Whether the third neutrino is the lightest or the heaviest has huge ramifications for our understanding of these common particles (pun intended). For example, the mass of neutrinos has yet to be discovered. Determining if it is similar to the Higgs mechanism, which is responsible for the mass of other particles, requires working out the hierarchy.
Neutrinos might hypothetically be their own antimatter particles because they have no electric charge. Knowing the mass ordering will help scientists design tests to verify this idea, which will open the door to deeper questions about the universe.
The NOvA experiment delivers beams of neutrinos and antineutrinos about 500 miles from Fermilab in Illinois to a detector in Ash River, Minnesota, in search of a solution to the neutrino hierarchy conundrum. They’ll travel around 190 miles from J-PARC in Tokai, Japan, to a detector beneath Mount Ikeno as part of the T2K experiment.
The rate of neutrino oscillations is compared to the rate of antineutrino oscillations by scientists at the experiments. Any changes could aid scientists in determining what is going on with neutrino masses. It may also aid their understanding of why matter prevailed over antimatter in the early cosmos. We might be here because of neutrinos, but we don’t know for sure.
There is currently no major asymmetry between neutrino and antineutrino oscillations, according to NOvA. The T2K experiment revealed intriguing evidence that neutrinos and antineutrinos oscillate differently. The T2K system is now being upgraded, and NOvA will continue to collect data until the middle of the decade.
The inverted hierarchy, out of the two options, would make several future trials easier. “So, if I had a choice, I would select the inverted hierarchy,” says Pedro Machado, a theorist at the Fermi National Accelerator Laboratory of the US Department of Energy. “Theory cannot progress without experimental results.”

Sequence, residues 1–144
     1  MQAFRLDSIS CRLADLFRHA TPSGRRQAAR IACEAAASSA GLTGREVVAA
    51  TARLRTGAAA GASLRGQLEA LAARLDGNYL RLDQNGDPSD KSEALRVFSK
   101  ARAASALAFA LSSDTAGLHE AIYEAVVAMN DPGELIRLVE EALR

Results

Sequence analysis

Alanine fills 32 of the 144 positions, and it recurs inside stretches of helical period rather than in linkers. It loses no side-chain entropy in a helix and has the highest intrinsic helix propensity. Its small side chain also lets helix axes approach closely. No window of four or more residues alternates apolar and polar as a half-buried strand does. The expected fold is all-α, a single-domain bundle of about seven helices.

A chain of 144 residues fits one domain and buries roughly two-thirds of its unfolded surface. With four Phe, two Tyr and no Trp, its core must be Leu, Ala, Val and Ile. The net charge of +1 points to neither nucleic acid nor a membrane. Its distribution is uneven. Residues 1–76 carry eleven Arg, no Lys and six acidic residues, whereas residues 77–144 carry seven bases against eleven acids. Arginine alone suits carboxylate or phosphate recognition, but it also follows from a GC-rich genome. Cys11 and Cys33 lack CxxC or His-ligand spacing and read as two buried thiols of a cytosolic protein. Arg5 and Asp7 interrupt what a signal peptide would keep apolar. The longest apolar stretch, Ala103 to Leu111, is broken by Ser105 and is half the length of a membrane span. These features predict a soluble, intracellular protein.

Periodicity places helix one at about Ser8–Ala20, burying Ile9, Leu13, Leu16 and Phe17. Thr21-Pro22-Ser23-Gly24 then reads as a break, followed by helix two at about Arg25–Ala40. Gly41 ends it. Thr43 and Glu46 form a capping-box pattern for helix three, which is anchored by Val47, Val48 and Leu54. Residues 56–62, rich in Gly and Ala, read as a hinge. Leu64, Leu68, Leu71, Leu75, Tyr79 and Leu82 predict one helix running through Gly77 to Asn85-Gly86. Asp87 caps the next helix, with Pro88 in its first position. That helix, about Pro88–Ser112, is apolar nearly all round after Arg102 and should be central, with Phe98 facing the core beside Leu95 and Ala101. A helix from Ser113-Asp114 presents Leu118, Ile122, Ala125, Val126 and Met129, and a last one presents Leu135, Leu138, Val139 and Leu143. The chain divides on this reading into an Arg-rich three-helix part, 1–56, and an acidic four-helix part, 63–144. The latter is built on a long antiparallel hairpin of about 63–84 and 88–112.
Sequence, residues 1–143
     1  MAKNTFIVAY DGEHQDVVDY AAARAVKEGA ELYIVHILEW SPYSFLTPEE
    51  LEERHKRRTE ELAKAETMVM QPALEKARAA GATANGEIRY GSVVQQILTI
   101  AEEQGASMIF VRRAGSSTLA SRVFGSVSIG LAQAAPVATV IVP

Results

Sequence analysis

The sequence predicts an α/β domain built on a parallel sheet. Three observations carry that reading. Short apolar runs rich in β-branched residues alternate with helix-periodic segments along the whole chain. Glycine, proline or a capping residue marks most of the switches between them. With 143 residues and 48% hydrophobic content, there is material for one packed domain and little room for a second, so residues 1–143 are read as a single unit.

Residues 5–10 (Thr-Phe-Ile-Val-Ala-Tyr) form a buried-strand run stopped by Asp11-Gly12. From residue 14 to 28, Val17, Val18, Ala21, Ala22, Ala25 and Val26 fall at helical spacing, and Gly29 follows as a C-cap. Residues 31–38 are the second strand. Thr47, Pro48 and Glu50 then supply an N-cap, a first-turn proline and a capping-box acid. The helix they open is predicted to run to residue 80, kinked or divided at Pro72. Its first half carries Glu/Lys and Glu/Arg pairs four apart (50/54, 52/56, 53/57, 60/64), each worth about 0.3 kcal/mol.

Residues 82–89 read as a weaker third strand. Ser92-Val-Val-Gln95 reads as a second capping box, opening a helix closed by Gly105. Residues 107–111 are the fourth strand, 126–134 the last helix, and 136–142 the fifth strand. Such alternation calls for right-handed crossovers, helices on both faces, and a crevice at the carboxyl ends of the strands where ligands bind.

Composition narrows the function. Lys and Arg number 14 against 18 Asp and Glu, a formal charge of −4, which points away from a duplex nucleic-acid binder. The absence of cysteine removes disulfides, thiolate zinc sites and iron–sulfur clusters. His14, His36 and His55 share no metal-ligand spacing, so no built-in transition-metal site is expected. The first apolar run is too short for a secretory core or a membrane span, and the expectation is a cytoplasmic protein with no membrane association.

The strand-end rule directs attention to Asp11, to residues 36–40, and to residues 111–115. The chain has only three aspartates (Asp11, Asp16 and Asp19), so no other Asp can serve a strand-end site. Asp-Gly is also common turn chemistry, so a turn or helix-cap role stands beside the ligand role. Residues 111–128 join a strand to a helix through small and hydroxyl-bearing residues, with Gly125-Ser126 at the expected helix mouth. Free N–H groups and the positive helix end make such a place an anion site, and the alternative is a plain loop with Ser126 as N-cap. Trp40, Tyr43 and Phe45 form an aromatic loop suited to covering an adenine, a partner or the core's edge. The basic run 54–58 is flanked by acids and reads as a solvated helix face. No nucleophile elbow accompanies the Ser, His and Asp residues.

The inverted hierarchy would be more “fun” for Vallari as well, but “if I had to place a bet, I would do it on the conventional hierarchy,” she says.
A solution is within reach
The neutrino mass hierarchy, unlike many other mysteries in particle physics, offers a clear path to resolution. The answer is well within the experimental capabilities of the next generation.
The Deep Underground Neutrino Project, a Fermilab-hosted multinational experiment set to launch in the late 2020s, will transport neutrinos on a journey of about 800 miles from Illinois to South Dakota—60 percent further than NOvA, giving more matter for the neutrinos to interact with. The DOE Office of Science and other financial bodies are supporting both experiments.
According to Vallari, who is a member of the DUNE and NOvA collaborations, such a lengthy journey will magnify the Earth’s influence on neutrino oscillations, allowing researchers to tease out the mass hierarchy. The planned Hyper-Kamiokande improvement to the T2K experiment in Japan should similarly provide a response within a few years of data collection.
“I am fairly confident in predicting that we will obtain a definitive measurement of the mass hierarchy from at least one of the tests in the early 2030s,” Vallari says.
Even then, we’ll just know the differences between the three neutrino masses; the magnitude of the masses as a whole will remain unknown.